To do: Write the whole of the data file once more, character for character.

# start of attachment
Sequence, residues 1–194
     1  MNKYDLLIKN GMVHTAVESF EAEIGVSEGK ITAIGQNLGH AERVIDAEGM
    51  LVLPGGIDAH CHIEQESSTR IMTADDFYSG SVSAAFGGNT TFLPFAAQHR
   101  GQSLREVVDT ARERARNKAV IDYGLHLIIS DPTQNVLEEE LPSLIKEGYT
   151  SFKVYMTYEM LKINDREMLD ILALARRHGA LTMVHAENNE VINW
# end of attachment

Sequence, residues 1–194
     1  MNKYDLLIKN GMVHTAVESF EAEIGVSEGK ITAIGQNLGH AERVIDAEGM
    51  LVLPGGIDAH CHIEQESSTR IMTADDFYSG SVSAAFGGNT TFLPFAAQHR
   101  GQSLREVVDT ARERARNKAV IDYGLHLIIS DPTQNVLEEE LPSLIKEGYT
   151  SFKVYMTYEM LKINDREMLD ILALARRHGA LTMVHAENNE VINW